Heavy rains fell on South Carolina in early October 2015. By mid October, much of the water had carried sediment, nutrients and dissolved organic material into the Atlantic Ocean. This Visible Infrared Imaging Radiometer Suite image shows the runoff as it interacts with ocean currents on October 15, 2015. Credit: NASA/Goddard/SuomiNPP/VIIRS

SAN FRANCISCO – Raytheon won a National Oceanic and Atmospheric Administration contract for a design study of Real Time Imager (RTI), an instrument to obtain high-resolution Earth observation imagery from geostationary orbit.

NOAA awarded Raytheon Intelligence & Space a $413,088 contract in April to spend six months assessing an approach called step-and-stare imaging.

Unlike the Advanced Baseline Imager on NOAA’s Geostationary Operational Environmental Satellite-R (GOES-R) series, which captures imagery by continually scanning scenes, RTI is designed to stare at an area larger than 1,000 kilometers by 1,000 kilometers before focusing on another area. The next areas of focus can be adjacent to the previous one or across the globe.

“By staring we get much better sensitivity,” Jeff Puschell, Space Systems principal engineering fellow for Raytheon Intelligence & Space, told SpaceNews. “With our rather large footprint, we cover the entire Earth very efficiently.”

The Raytheon award is one of a series of contracts NOAA is issuing to investigate potential instruments, spacecraft, business models and mission concepts for the space-based architecture to succeed the Joint Polar Satellite System and GOES-R series.

As of June 2, NOAA had awarded 26 contracts for analyses of instrument and mission concepts. Fourteen of the contracts fund studies related to geostationary and extended orbits. Another 12 fund studies focused on low Earth orbit sounding.

Raytheon is assessing various approaches to RTI, including evaluating the merits of cooled and uncooled infrared detectors.

“One advantage of a step-and-stare architecture is its efficiency,” Puschell said. “We can cover the earth quickly with uncooled infrared technology based on microbolometers.” (Microbolometers are devices used to measure electromagnetic radiation.)

For the NOAA study, Raytheon draws on a microbolometer array the firm developed and space-qualified for the Europa Thermal Emission Imaging System, which the company is producing for the Europa Clipper mission. The uncooled instrument could meet “almost all of the objective level requirements” for a new imager in addition to a day-night band, Puschell said, adding the technology would significantly reduce spacecraft power consumption.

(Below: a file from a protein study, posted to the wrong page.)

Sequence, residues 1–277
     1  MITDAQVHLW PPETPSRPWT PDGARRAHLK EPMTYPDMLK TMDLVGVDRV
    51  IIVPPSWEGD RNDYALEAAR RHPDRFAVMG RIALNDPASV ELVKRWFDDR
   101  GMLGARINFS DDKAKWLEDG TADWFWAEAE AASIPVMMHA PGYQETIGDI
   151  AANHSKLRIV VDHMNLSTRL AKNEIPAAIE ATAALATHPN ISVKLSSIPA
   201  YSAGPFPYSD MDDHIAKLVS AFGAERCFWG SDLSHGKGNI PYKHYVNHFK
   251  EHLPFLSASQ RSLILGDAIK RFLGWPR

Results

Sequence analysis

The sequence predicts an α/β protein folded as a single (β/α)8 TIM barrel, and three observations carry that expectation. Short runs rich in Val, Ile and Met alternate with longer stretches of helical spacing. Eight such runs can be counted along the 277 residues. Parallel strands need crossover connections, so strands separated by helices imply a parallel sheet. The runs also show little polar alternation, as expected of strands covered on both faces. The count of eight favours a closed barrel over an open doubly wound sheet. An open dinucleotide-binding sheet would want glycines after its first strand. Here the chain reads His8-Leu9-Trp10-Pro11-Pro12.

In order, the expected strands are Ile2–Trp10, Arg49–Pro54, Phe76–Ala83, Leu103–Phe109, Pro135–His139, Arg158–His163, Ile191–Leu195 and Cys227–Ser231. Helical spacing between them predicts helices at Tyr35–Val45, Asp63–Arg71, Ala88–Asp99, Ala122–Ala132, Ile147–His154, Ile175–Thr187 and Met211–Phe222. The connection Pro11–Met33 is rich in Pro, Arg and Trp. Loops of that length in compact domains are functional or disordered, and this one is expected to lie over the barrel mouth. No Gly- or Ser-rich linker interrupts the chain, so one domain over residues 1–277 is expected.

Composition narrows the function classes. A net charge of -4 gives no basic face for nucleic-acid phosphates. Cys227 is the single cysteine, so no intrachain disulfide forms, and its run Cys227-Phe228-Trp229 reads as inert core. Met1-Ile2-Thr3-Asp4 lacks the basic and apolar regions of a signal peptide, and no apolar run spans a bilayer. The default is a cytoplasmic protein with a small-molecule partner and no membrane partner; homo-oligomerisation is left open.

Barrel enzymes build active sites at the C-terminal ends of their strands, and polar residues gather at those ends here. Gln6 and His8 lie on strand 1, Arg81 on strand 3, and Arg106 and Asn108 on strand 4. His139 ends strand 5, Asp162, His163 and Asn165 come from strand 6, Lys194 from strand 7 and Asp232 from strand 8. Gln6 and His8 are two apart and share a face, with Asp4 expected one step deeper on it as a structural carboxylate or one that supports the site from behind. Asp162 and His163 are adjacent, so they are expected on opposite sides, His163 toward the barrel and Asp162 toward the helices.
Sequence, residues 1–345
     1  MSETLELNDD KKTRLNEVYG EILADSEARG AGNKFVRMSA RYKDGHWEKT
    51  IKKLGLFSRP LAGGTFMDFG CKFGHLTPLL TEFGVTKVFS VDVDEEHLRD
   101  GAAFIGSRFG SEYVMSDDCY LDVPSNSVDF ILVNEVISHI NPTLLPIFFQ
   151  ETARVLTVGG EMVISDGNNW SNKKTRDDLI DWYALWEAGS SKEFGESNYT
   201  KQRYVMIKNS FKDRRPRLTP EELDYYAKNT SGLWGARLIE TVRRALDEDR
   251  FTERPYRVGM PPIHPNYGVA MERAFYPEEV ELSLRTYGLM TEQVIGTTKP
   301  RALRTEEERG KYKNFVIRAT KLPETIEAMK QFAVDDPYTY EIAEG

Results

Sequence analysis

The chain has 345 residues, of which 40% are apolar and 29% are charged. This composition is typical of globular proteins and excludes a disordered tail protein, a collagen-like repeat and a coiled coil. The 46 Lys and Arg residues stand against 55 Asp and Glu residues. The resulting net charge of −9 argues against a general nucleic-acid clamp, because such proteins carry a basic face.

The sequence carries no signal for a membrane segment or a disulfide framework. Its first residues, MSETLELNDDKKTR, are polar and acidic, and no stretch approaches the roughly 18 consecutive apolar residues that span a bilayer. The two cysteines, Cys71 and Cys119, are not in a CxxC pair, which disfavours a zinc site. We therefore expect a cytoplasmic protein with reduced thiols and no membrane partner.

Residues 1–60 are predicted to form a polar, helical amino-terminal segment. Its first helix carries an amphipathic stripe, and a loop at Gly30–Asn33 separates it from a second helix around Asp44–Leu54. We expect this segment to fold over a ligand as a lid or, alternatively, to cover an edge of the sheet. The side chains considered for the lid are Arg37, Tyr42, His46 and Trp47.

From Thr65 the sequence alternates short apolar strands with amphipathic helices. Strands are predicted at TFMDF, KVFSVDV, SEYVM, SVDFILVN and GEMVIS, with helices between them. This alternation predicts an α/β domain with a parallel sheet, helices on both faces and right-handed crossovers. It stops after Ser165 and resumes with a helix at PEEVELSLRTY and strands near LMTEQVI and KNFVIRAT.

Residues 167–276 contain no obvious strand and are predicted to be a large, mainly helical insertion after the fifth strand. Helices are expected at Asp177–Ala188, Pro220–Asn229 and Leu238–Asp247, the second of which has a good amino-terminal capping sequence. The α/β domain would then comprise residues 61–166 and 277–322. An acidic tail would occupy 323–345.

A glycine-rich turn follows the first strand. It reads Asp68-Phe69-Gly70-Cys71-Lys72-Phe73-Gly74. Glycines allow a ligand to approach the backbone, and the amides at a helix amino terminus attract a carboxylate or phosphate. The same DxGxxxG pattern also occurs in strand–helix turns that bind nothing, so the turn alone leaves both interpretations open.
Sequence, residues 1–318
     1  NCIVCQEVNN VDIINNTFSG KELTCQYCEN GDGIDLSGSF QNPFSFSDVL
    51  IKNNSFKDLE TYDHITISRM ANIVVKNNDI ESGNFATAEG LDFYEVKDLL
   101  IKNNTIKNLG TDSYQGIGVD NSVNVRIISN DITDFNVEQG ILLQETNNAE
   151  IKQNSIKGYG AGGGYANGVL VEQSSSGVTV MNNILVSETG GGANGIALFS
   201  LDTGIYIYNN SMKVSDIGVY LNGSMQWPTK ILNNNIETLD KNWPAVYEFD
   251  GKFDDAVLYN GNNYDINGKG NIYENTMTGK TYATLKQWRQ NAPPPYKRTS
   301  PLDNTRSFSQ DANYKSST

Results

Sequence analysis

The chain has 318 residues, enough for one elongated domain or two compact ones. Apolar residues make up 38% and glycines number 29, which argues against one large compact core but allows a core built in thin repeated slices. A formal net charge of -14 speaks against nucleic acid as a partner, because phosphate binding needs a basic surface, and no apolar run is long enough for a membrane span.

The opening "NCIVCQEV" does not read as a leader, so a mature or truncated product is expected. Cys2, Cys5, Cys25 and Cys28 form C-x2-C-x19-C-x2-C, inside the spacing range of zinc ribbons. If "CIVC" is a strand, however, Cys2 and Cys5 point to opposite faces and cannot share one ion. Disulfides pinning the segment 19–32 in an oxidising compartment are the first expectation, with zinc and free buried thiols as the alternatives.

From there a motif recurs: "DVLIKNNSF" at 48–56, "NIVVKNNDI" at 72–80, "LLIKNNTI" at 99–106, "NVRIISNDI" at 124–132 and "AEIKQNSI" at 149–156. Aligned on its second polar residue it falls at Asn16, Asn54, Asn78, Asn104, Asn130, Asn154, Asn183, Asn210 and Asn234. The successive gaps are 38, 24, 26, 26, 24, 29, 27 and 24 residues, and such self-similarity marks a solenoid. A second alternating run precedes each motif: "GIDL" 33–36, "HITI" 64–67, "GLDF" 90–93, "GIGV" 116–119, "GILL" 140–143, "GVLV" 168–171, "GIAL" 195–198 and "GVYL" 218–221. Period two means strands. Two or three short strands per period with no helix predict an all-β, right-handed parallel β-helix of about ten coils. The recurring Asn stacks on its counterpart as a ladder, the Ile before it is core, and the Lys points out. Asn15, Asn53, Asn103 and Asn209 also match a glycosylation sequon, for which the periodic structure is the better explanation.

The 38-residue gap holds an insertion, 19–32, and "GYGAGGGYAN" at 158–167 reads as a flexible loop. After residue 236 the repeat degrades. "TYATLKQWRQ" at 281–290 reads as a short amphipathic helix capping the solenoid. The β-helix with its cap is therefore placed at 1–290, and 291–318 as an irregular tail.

Raytheon also is touting RTI’s speed in gathering and downlinking data.

“We transmit the data from the previous stare during the current stare,” Puschell said. “We start collecting data on the next location while we’re transmitting the data we’ve already collected. That gives us relatively short latency.”

The exact latency will depend on RTI’s spectral band combination and downlink speeds. RTI “can have up to 32 spectral bands and as few as four,” Puschell said. “NOAA is asking us to look at how latency varies with the number of spectral bands.”

In addition to the Europa mission, RTI draws on technology Raytheon developed for the Joint Polar Satellite System Visible Infrared Imaging Radiometer Suite (VIIRS).

“The spectral bands that we use in RTI are very similar to VIIRS, including the day-night band,” Puschell said. However, Raytheon updated the technology because NOAA is demanding higher spatial resolution for its next-generation geostationary imaging instrument.

Debra Werner is a correspondent for SpaceNews based in San Francisco. Debra earned a bachelor’s degree in communications from the University of California, Berkeley, and a master’s degree in Journalism from Northwestern University. She...